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FBI Official Explains What To Do In A Ransomware Attack
Feds say even basic information can advance the agency's investigation.
Businesses or consumers hit by ransomware should refuse to pay the ransom and immediately contact the FBI or file a complaint on www.ic3.gov, the federal government’s website for filing and sharing information about cybercrime, an FBI official said today.
Will Bales, supervisory special agent for the FBI’s Cyber Division, said any information, whether it’s a Bitcoin wallet address, transaction data, the hashtag of the malware, or any email correspondence, can help advance an FBI ransomware investigation.
“People have to remember that ransomware does not affect just one person or one business,” Bales said. “It will more than likely move on and affect somebody else. And for those who pay the ransom, it only encourages them to extort the next person.”
Bales was part of a panel discussion on ransomware today at the kickoff of the Federal Trade Commission’s Fall Technology Series held at the Constitution Center in Washington, DC.
FTC Chairwoman Edith Ramirez started the afternoon conference by underscoring how the threat of ransomware has increased in the past year.
Ramirez cited Justice Department data that said there have been 4,000 ransomware attacks daily since January 1, 2016 alone – a quadrupling of such attacks in just a year. In addition, PhishMe research found that 93% of phishing emails now contain some variant of ransomware.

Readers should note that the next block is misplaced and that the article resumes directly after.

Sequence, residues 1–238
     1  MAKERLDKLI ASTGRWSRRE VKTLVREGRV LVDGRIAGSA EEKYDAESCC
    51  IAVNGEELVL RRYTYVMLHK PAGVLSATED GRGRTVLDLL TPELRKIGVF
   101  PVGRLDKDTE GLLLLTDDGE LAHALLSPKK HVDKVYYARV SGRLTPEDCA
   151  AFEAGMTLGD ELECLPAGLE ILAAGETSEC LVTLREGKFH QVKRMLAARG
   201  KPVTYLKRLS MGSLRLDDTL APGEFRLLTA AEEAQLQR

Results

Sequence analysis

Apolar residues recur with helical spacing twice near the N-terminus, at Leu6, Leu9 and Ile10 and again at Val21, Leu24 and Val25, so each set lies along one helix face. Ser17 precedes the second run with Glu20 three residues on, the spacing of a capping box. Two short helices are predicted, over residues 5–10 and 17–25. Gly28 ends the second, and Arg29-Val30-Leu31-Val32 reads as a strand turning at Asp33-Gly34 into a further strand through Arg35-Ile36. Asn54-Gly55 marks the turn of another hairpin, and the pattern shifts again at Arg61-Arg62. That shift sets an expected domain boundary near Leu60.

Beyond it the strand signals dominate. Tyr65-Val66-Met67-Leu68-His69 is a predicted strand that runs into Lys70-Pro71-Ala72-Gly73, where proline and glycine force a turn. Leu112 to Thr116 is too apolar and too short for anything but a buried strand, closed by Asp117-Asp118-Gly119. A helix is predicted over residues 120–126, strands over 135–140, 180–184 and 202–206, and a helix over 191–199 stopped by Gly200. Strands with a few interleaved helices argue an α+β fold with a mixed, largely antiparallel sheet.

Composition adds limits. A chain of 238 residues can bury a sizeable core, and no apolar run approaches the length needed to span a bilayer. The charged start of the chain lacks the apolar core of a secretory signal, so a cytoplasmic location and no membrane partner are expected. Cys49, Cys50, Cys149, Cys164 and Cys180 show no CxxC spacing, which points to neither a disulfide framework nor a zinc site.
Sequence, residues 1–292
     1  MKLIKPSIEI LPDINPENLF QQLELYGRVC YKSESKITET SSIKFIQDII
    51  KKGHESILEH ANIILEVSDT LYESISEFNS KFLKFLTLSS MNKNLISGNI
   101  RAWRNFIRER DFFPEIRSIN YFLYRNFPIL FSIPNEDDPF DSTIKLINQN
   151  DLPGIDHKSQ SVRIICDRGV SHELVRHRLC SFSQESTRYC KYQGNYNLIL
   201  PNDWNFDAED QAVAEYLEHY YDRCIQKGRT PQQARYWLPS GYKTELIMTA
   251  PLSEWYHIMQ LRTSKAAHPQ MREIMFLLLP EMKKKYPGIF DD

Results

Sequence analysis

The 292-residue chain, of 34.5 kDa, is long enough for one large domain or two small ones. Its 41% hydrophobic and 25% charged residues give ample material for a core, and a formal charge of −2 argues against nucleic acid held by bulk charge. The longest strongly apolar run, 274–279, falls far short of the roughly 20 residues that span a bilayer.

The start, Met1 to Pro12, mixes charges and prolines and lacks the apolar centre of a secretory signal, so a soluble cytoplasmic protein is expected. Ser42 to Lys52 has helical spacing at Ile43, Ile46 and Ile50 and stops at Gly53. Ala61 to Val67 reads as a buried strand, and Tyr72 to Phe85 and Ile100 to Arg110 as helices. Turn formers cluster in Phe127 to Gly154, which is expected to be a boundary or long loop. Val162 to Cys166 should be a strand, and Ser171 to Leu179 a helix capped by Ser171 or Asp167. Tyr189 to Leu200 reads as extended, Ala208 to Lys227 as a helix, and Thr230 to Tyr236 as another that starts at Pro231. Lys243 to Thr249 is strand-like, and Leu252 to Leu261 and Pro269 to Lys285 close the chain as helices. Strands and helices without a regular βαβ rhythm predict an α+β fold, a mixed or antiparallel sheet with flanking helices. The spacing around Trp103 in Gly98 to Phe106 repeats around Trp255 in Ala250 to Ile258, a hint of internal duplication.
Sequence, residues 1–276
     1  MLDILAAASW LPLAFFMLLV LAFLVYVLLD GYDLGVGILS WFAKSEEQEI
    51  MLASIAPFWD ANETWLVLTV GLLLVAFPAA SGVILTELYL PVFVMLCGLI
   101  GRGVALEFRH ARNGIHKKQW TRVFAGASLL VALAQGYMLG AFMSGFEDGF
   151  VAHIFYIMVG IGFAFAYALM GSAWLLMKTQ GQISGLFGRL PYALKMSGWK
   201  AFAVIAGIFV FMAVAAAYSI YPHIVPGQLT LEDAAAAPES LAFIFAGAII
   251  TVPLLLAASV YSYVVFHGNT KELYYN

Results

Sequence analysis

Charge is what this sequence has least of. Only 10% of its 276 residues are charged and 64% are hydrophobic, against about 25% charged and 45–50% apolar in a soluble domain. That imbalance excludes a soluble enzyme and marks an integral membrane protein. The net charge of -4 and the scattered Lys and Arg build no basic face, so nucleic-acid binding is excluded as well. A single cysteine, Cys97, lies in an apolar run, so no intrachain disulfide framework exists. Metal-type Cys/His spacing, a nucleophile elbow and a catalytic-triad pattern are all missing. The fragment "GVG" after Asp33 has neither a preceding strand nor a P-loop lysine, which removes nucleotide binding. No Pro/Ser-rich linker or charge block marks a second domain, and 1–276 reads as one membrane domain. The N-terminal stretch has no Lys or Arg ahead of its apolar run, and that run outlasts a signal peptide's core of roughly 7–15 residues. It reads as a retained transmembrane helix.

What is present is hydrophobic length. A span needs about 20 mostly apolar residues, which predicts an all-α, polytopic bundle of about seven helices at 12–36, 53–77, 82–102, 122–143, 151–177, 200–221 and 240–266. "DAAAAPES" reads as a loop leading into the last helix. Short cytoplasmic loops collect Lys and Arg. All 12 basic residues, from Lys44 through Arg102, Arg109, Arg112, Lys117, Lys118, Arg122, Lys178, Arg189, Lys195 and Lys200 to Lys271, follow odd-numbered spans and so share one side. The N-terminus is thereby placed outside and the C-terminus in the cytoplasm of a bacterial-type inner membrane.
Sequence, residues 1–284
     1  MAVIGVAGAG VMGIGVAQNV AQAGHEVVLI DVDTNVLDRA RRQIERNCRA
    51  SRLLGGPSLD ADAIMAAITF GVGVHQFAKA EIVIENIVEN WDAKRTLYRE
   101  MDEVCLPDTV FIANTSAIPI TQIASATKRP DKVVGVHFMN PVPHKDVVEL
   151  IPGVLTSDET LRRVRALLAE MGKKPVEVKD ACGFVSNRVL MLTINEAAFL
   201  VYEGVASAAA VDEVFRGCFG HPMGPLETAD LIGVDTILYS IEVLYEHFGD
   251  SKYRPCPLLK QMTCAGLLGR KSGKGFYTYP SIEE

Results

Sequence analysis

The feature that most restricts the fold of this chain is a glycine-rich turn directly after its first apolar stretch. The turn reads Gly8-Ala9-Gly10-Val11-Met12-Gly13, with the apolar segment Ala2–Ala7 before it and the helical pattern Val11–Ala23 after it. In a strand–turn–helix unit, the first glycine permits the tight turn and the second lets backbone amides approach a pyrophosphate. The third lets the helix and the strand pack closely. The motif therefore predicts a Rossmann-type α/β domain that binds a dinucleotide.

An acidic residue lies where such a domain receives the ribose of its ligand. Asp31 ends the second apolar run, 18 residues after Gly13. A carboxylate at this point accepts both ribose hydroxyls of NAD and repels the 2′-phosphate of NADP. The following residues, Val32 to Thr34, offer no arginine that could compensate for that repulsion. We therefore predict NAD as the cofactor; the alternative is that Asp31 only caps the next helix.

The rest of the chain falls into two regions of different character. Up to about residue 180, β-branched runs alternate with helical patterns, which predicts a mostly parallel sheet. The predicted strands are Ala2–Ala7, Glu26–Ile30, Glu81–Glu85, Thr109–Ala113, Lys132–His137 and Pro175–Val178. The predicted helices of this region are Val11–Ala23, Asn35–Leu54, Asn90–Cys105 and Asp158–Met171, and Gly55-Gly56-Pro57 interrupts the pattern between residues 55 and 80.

“Ransomware attackers can access extremely sensitive personal information such as medical data, financial account numbers, and the contents of private communications, some of which may be sold on the dark web,” Ramirez said. “We are eager to expand our understanding of this growing threat … and for nearly a decade we’ve worked with other agencies and have provided guidance to consumers and businesses on how to best protect their computers and networks.”
The FTC Chairwoman also said the agency will be active in pressing cases against the attackers, pointing out that the agency has made at least 60 enforcement actions around companies not protecting consumer data. She said not protecting against ransomware may violate federal law.
The FBI’s Bales said the government has been making progress on prosecuting ransomware cases, but would give no real specifics other than to say they have been successful in working with other law enforcement agencies around the world in taking down the infrastructure of some of the ransomware criminals.
Bales indicated that there would be more news of success stories in the upcoming months.